Scrolling through 100 Facebook feeds takes about 5 minutes. It's mostly the same shit day in day out. Holiday photos, baby photos, food photos, things people think are funny but aren't. I wonder why Facebook hasn't been replaced already. It's exhausted it's usefulness, and I get the impression everyone is waiting for the next big thing so they can all jump ship and leave Zucks pennyless. It's strange that no-one has come up with a FB clone, along the same lines but with privacy intact and no ads. I think it would kill FB overnight.

Comment: Re:How big a fuss is it, really? (Score 1) 415

by Jack Griffin (#48286075) Attached to: How Apple Watch Is Really a Regression In Watchmaking
The thing is, a real watch will still look good years later. I don't see too many people wielding a 10 year old electronic gimmick with pride. The Apple watch doesn't make sense to me. It crosses the barrier between useful device, to unnecessary gimmick to try and show off but has the opposite effect and will only make you look like a try-hard. Apple has definitely peaked.

Comment: Re:Not New (Score 1) 468

by Jack Griffin (#48285967) Attached to: Boo! The House Majority PAC Is Watching You
Why would anyone care? In Australia it's illegal to not vote (you get fined if you don't get your name signed off in a voting booth) yet over 5% of the population don't vote and another 5% cast donkey votes (blank or scribbles as protest). That's well over 1 million people who despite it being illegal still don't vote.
It beats me why we even need elections. Statistical methods can get us a pretty close result with small samples, and either you end up with 1 of 2 of the same idiot. The US spent over $6B on the last election, I honestly think you'd be better off if you just tossed a coin and then gave that money to poor people.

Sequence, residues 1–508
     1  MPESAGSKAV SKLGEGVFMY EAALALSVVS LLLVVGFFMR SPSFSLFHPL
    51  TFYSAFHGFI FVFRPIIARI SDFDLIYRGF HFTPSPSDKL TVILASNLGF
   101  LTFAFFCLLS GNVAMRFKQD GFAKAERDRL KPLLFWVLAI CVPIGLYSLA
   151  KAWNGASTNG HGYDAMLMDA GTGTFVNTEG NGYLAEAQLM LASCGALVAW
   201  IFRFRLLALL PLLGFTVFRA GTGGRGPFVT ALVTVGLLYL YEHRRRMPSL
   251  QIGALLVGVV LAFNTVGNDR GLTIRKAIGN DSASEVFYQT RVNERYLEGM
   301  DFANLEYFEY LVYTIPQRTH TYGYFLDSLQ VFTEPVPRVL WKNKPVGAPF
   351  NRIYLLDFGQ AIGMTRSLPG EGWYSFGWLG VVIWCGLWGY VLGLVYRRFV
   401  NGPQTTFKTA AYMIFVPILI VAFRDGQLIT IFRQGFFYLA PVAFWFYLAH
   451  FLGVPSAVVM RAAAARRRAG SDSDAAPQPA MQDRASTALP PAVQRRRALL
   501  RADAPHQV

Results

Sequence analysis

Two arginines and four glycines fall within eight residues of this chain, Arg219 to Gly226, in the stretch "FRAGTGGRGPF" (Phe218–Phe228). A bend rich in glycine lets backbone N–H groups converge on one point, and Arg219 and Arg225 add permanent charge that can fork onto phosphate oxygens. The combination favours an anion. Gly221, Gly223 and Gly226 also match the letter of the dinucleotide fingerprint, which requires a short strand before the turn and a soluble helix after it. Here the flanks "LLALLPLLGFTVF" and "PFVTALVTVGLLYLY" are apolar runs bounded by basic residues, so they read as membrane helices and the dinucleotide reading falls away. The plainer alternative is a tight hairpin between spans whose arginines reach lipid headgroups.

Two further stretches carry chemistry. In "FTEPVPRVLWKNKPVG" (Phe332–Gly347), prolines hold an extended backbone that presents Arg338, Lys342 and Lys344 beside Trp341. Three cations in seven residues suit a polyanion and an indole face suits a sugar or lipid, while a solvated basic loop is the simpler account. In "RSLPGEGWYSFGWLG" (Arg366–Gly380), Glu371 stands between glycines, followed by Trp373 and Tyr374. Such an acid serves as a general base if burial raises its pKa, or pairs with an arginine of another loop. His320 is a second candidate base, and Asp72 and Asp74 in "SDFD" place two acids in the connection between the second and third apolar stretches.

Comment: Re:Tip of the iceberg (Score 4, Insightful) 669

by Jack Griffin (#48259483) Attached to: Pope Francis Declares Evolution and Big Bang Theory Are Right

It's easy reply to this with a 'what the f* did you smoke'. However, keeping all options open is what a scientist ought to do. We may have well been interpreting the Bible the wrong way all along.

This is not how Science works. Science makes and observation and attempts to explain it. The Bible explains nothing in nature and no amount of re-interpreting changes that fact.

Comment: Re: Good luck with that. (Score 1) 558

by Jack Griffin (#48259119) Attached to: Rite Aid and CVS Block Apple Pay and Google Wallet
My bank also has an app that does NFC payments with my phone (before Apple or Google had it - again they offer nothing new). I used it for a bit, but it was unreliable. The card pretty much works every time without fail, the phone didn't so I stopped using it. A requirement of convenience is for it to work when expected, not have to continually keep retrying.
Another point which makes me uneasy is that banks, despite having low public approval, are reliable organisations (at least in my country they are). They make their money by being reliable. Software companies, not so much. The idea of a company whose primary business is making phones or search engines is not the business I want also securing my money.

God doesn't play dice. -- Albert Einstein